This is the part where people tend to get iffy. A gray area that ranges from "sex is easy breezy and nothing you need to be so uptight about" to "my body is precious and so is my virginity, so I'm not giving it up to you so easily." I'm not going to take sides with either because I honestly don't care where and when you stick what but if you're one of the more chaste types then learn to hold your ground. Too many times have I seen girls give it up to guys they've dated for four years [but have yet to put a ring on it as per their agreement] and have been left with nothing but, well, shame. I hate seeing that happen to my fellow v-cardian. And they usually end up hating themselves. So, to prevent this from happening, be true to what you want and make sure that they know what you want. On the other side of the scale, another thing needs to be addressed about setting limitations. Those who are more casual about their encounters: don't steal/flirt/sleep with another person's spouse. It's shitty behaviour. We, as a population, have enough troubles finding a potential life partner [if that is your goal] without people throwing wrenches into our gears. Why would you want to be "the other person" who broke up a potentially perfect couple? And don't use that "if they were so perfect for each other,

never would've strayed" excuse because it's stupid and you sound like a whore.

  • Don't rush things but don't let yourself settle for what you don't want.

It sounds like a cop-out but it's another thing that depends on the person, the relationship, yadda yadda. In my life, I've always been straightforward about wanting something that would last forever. Not a friend with benefits, not a casual dating thing, not boyfriend and girlfriend until something "develops." I'm just not a "go with the wind" type of woman when it comes to love. I know what I want and I put it out there. Marriage. Ooh, scary. And, yes, that frightened off quite a few but it's also a really good weeding out process. Romantic movies [that I've seen] are riddled with characters who stay in relationships that don't seem to go anywhere because one character is afraid of frightening away their partner by asking for something more. Alternatively, there are characters who never get in a relationship because they hop immediately from "Hi, we've met and we shared a coffee" to "Omigosh, let's have kids! Like, a whole soccer team of kids!" Both are pretty terrible. So, in this case you need to find for yourself what the balance is between being comfortable and wanting to move on to that next step. If your partner isn't ready and you're willing to wait, bless you. If not, you're going to have to do what's best for you. It's one of the few moments where being selfish is perfectly okay.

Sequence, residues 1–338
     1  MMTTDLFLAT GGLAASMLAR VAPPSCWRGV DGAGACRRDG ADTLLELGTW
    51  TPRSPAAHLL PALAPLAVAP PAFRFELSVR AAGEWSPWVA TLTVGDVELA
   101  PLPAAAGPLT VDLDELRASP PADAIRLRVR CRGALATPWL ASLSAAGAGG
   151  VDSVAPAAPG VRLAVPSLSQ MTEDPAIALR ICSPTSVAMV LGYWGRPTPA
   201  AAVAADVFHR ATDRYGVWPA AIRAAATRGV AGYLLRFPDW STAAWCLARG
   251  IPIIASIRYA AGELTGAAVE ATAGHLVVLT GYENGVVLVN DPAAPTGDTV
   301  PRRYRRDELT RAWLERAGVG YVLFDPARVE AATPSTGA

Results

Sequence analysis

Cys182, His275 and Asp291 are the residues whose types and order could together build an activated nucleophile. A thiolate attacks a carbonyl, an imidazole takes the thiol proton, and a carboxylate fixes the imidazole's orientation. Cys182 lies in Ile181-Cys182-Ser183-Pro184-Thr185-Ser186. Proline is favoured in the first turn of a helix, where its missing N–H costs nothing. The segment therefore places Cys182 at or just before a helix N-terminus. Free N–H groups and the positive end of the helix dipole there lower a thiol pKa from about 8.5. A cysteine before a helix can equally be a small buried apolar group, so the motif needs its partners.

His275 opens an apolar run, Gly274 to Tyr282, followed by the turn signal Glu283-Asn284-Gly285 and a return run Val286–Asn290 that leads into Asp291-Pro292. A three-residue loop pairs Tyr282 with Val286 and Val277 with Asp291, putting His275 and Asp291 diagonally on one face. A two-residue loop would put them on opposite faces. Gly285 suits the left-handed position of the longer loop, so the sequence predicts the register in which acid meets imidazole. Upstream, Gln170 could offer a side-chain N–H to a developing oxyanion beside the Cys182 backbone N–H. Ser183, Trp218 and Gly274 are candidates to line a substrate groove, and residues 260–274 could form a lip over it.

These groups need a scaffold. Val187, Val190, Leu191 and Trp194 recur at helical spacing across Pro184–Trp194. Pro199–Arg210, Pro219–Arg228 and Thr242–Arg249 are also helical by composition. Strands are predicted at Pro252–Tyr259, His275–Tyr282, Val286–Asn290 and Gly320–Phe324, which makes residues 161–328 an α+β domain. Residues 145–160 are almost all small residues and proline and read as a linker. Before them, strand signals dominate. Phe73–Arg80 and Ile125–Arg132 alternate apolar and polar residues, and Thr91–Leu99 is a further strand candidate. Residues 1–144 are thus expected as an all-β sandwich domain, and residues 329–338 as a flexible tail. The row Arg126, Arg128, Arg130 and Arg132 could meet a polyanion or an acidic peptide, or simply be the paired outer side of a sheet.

• Don't throw away your love over something stupid.